Have you ever wondered why the Old Testament tells stories of Israeli kings who killed the other members of their royal families? In ages past it was a practice used to prevent other family members, usually brothers or other male members, from attempting to seize the throne from the reigning brother. However, it was not always done with Israeli kings. Only when the ruling brother was evil, or the brother(s) did something deserving of death, was the family member executed.
But there’s a more important reason why these stories appear in the Old Testament, and especially one story, the story of Solomon and his brother Adonijah.
If you remember the story about Adonijah, he tried to seize the throne from Solomon just before King David’s death (I Kings 1:5-53). Adonijah’s effort failed and almost cost him his life. In graciousness, Solomon allowed Adonijah to live. But after a time, Adonijah asked Solomon’s mother to grant him his father’s nurse as his wife. Solomon recognized this for what it was, an attempt to get closer to the throne by slyly trying to marry his father’s nurse, which would have given Adonijah the appearance of royal right, if not actual (I Kings 2:25). In essence, Adonijah was again scheming a way to seize the throne from Solomon.
This story is important because it pre-figures the reign of Jesus Christ when he comes to claim his kingdom. You see, in this picture, Solomon is a type for Jesus and Adonijah is a type for Satan. Jesus is the king to whom the Father has given the kingdom. Satan is the one who has attempted to seize the kingdom. Remember Satan’s ultimate objective—he wants to replace God on his throne (Isaiah 14:12-16). Indeed, for a time the world system is under the control of Satan. John tells us that, “The whole world lies in the power of the evil one” (I John 5:19). But Satan’s success is limited.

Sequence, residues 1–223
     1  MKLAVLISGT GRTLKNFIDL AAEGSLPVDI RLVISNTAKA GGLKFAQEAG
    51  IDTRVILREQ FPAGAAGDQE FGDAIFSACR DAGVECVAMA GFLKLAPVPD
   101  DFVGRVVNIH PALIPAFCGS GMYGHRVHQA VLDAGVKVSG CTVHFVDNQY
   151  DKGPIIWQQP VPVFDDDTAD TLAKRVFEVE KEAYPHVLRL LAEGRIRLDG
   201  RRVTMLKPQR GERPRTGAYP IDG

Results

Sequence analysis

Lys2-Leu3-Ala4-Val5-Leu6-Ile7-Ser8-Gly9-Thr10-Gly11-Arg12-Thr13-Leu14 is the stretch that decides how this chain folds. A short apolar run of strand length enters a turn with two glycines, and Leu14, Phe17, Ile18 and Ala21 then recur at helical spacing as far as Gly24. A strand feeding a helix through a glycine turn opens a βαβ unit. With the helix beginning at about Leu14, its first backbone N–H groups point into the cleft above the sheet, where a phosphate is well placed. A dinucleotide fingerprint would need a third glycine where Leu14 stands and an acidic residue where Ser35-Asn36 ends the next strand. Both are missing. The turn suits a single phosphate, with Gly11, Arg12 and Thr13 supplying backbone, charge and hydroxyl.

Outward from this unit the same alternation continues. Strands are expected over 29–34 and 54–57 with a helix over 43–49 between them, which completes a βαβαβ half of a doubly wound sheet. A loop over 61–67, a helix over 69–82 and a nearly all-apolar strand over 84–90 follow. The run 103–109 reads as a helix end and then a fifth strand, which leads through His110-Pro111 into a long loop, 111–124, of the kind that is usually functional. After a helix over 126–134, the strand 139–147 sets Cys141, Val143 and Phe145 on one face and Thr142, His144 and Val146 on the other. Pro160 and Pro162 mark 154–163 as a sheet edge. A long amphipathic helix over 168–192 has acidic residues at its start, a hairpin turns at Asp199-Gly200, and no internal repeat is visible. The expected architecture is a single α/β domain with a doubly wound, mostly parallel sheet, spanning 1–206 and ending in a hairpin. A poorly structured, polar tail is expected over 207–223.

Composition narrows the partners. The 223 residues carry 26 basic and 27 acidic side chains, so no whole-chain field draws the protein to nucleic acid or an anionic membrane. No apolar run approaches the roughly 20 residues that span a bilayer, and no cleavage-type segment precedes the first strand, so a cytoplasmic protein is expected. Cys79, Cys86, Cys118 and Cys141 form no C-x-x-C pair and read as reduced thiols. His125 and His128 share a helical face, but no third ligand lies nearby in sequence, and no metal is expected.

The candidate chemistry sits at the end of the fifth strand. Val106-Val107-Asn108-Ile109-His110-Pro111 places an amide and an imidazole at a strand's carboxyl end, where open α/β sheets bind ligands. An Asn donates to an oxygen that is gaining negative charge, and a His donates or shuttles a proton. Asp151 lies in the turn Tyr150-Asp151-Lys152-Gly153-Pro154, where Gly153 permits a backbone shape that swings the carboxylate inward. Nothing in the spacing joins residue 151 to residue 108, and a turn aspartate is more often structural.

Just as Solomon was at first gracious to his brother, so too Jesus has allowed Satan to remain until the day comes, when like Solomon, Jesus executes his judgment against Satan and throws him into a prison for a thousand years.
Just like Solomon, and a few other kings, Jesus will one day wipe away all opposition and nothing will remain that threatens his rule, and all power and authority will rest in his hands (Ephesians 1:21, I Corinthians 15:24, Colossians 2:10).
So what does this mean for you and I? Here’s a point of application I hope you will consider. Who sits on the throne of your life? Are you like Adonijah, always seeking to do things your way, under your own assumed authority? Or is Jesus Christ sitting on the throne of your life? Is God gracious to you, patiently waiting for you to surrender control as Solomon waited for Adonijah’s pledge of obedience (I Kings 1:53)? Or have you already surrendered your entire life to him, letting him have the rule that is due him?
Are you Adonijah?